Reloading fun

Discussion in 'Shooting, Hunting and Fishing' started by stoatman, Nov 17, 2008.

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  1. American-style disclaimer: any information in this post is to be used at own risk!

    Anyway, being a little board at the end of my workday, I thought I would recount my recent hand loading exploits (dons anorak).

    I recently discovered at my local gunsmith 1.5 kg of Vectan Sp7 flattened-ball rifle powder. This is a double base rifle powder intended for broad use and measures up as a whisker faster than Vit N135. Perfect for 223 Remington, thinks I, and at €20 per half kilo, about 40% cheaper than vit.

    Problem: the cheese eating surrender monkeys provide insufficient data for most of their powers. Bugger. The one data point that I have is a 55 grain bullet in a 222 Remington, which asks for 24 grains. Good enough to start with!

    Anyway, so I load 60 rounds in groups of 10, at one grain increments from 22 to 28 grains with crappy 55 grain Winchester FMJ bullets, looking for two things: overpressure signs, and the load with these awful things that is good enough for short range practical rifle (I ended up with about 1500 of these things for free, so I might as well use them, but I don't like putting expensive vit behind them.) Anyway, I got a 2 MOA group at 25 grains, and overpressure signs at 28 grains (flattened primer). Jobs good!

    The next stage was to try the same exercise with 62 grain FMJ, but starting a little lower for safety. This went less well: the most accurate group (still an uninspiring 2 minutes) was at 26 grains, but overpressure came at 26.5 grains, a little too close for comfort.

    Conclusion: this power the likes lighter bullets.

    The next step was obvious: 52 grain Sierra match king bullets! Loading half a grain each side of 25 grains, both 25 and 25.5 grains gave five round groups of around one minute using military-style iron sights! Good enough for government work!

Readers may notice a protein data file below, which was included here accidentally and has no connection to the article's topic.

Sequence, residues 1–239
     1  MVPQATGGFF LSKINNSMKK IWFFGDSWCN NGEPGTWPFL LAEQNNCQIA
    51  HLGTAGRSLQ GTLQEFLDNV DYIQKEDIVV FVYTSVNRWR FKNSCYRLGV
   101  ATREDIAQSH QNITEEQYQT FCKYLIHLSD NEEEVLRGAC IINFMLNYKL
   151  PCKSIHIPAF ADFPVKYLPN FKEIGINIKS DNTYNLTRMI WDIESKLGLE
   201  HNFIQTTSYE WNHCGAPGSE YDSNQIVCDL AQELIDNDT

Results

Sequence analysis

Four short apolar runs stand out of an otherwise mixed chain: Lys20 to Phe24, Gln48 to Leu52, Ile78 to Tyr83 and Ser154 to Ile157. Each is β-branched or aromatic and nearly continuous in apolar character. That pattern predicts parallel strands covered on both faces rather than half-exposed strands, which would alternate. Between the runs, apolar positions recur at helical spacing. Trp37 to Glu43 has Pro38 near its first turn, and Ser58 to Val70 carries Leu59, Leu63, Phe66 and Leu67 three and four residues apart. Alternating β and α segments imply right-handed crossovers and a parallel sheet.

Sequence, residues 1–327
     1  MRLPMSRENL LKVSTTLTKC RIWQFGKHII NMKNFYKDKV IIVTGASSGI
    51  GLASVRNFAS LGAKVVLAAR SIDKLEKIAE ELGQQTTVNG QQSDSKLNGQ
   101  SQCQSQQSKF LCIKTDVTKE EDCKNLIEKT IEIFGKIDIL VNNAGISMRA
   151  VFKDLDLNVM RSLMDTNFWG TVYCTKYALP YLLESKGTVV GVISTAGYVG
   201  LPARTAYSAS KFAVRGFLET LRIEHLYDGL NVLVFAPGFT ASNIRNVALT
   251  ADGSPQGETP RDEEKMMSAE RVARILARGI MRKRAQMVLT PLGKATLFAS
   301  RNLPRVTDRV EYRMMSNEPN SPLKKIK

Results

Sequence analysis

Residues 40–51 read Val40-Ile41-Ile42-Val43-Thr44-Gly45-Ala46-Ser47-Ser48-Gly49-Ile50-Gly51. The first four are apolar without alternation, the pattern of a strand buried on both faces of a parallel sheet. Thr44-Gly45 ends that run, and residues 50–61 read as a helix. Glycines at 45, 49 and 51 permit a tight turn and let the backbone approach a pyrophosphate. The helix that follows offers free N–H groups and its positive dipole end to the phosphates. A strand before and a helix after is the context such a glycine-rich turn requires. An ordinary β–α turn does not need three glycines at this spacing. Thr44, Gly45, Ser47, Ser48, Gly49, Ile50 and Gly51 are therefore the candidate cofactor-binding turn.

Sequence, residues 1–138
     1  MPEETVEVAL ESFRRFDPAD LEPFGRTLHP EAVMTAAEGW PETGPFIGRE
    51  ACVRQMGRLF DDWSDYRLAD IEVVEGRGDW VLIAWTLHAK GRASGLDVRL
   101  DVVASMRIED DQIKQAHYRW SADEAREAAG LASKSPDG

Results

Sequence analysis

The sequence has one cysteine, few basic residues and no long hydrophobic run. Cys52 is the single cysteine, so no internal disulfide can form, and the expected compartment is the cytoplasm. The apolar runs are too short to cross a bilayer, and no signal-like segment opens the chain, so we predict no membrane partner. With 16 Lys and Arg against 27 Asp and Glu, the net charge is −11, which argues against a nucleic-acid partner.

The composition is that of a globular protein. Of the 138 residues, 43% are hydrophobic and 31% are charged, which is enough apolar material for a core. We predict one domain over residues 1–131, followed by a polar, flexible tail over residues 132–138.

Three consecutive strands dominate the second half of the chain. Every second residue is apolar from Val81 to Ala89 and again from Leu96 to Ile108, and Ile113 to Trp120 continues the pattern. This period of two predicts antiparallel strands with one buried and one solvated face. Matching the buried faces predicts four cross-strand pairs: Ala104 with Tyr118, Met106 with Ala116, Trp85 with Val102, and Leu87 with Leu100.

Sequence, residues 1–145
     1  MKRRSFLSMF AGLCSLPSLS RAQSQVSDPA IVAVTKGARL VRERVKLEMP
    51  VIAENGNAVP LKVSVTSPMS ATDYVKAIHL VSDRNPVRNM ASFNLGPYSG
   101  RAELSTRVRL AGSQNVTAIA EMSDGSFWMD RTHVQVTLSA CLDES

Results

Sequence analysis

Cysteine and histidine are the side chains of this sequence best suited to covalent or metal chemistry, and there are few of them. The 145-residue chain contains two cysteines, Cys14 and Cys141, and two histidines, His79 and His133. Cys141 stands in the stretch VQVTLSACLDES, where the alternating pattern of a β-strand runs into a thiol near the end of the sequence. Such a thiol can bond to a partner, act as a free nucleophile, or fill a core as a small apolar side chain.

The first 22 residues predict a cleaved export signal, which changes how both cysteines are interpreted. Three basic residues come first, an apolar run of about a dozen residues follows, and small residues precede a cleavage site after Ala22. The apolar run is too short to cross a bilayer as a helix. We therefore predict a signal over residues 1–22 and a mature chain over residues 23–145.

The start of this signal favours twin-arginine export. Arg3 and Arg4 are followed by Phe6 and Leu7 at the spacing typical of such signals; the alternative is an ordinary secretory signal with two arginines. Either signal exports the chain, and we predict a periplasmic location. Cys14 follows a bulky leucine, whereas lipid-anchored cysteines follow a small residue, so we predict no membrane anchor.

I'm pretty happy with that, and I'm debating with myself as to whether I'm going to try the same powder with a 69 grain match kings, but I have a sneaking suspicion that it won't perform as well as my standard N140 load which just fills the case without any compression, since Sp7 is significantly denser. On the other hand, it does meter much better than the cut-tubular vit...

    What I have learnt:

    Match kings are far better than any FMJ can ever be (this puts into perspective how creditable the performance of the RG 155 grain Bisley match ammunition is).
    With experience and knowing what you are looking for, it is possible to safety work outside the tables provided you know how not to blow yourself up.

    Thank you for allowing me to waste five minutes of your lives!

    PS -- rifle is a 20 inch AR 15 with a 1:7 stainless barrel
  2. Interesting tale there Stoatman. Around 30 years ago I had a similar experience with a 455 Webley. Absolutely no data to go on, so I used 45 ACP data and halved it. The result was interesting, on squeezing the trigger I heard a feeble bang followed immediately by a thud of the bullet hitting the bottom of a figure 11. Slight underload. I progressed from there to a halfway decent load, that did not put the revolver into a low earth orbit but did get about a 3 to 4 inch group in the middle of the fig 11 at 25 metres. Happy days.